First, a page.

The foreign exchange benchmark fixing window is to be widened from 30 seconds to 5 minutes according to the WM Company, an Edinburgh-based subsidiary of State Street Corp. The change to the fixing window will take effect on December 14th, according to a company statement.
“This will result in the calculation window commencing 2.5 minutes before the hour or half hour and ending 2.5 minutes after the hour or half hour,” said WM. The statement also said that Thomson Reuters Matching trade and order data would be added into the calculation for the euro, yen, Swiss franc and Russian rouble.
The proposed move comes on the heels of record fines for benchmark fixing amongst five globally prominent (+Barclays) banks. The investigation culminated last week in a combined $3.3 billion fine imposed in coordination by US, UK and Swiss authorities on five banks. Some of the broader issues precipitating rampant FX benchmark fixing were also raised.
“The Times They Are a-Changin'”
The widening of the window is potentially an indicator that recommendations made in September 2014 by the global regulators of the Financial Stability Board (FSB) for changes to the fixings are being implemented. Responding to widespread calls for reform to the benchmarking process, the Basel-based Financial Stability Board was tasked by the G20 to establish a set of proposals to review the benchmark. A widening of the window was among the proposals put forward by the authority in July.
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In its paper, the FSB said that an extended window could “help to reduce the volatility of prices used for the final calculation to make it harder for market participants to influence the price.” In response to the proposals put forward by the FSB, WM Company said that in August it had been working closely with the regulator to enhance the transparency of the rate.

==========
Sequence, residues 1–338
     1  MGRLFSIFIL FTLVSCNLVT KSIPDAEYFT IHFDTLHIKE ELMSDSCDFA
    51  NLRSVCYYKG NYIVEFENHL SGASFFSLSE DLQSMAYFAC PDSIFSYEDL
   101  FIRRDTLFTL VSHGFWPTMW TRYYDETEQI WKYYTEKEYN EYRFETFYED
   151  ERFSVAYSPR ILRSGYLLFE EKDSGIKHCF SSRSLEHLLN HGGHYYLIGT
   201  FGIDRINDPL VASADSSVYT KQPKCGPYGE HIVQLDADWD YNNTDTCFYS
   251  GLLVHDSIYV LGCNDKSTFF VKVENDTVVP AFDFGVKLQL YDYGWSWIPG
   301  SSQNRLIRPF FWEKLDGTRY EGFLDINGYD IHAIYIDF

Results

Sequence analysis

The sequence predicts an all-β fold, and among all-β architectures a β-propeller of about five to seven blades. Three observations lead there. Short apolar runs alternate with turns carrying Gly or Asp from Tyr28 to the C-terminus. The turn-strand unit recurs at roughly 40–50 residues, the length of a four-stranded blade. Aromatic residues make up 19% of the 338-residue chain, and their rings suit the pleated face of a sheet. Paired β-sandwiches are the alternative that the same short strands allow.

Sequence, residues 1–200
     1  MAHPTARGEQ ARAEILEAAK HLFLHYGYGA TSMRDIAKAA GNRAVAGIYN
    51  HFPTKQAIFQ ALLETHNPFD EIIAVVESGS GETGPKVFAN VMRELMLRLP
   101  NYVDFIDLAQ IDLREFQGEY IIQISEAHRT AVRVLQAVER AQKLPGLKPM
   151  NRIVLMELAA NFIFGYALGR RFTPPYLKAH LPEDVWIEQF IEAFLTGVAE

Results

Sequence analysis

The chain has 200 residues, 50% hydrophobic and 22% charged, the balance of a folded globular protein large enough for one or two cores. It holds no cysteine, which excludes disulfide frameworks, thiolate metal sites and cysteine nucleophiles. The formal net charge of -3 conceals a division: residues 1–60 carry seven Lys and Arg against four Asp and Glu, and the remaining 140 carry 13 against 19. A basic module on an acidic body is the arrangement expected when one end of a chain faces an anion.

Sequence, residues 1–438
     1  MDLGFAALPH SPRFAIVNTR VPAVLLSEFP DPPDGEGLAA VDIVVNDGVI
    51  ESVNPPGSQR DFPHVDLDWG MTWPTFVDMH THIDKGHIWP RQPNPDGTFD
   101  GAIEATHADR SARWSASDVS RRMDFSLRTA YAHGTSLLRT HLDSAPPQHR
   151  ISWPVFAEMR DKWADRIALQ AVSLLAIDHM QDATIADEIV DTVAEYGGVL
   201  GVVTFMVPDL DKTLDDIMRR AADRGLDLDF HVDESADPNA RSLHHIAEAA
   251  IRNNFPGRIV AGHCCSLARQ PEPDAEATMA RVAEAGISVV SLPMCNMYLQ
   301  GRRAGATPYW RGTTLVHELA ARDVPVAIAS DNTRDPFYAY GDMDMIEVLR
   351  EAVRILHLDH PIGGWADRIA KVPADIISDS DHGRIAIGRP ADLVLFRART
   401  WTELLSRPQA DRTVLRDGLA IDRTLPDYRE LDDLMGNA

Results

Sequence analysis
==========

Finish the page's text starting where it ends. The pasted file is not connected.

“The WM Company is committed to continuing to provide a broad range of foreign exchange benchmark rates that are reflective of the market,” the company said at the time. Other proposals, agreed after consultations with banks, asset managers and other stakeholders, include changes to trading floors that will keep the clients executed orders at a fixing rate separate from spot trading desks.
The shake up to the benchmarking process continues with various proposals being implemented. The London or “WM/Reuters” fix relates to several exchange rates and is compiled using data from actual transactions from trading systems like those run by Thomson Reuters and ICAP-owned EBS.
Propensity for Manipulation Reduction
All other proposals aside for the time being, proponents of the fixing window widening suggest that by making the window wider, the additional time either side of the fix will have the effect of reducing volatility and likelihood for manipulation. However, when looked at logically, the root of the ‘fixing problem’ was never insufficient time or even several order submission opportunities.
The problem was the base disregard and contempt for procedural rules and guidelines underpinned by tightly knit collusion amongst cliques. If this element remains active, the wider fixing window only widens the scope for that collusion and provides additional opportunities for flagrant traders to front-run and get the best prices. The equivalent of enlarging a sandbox where the toddlers dwell.
As benchmarking of all varieties goes digital, it will be intriguing to see how benchmarking and broader trading activity, including spot foreign exchange pricing, will adjust with the changing times.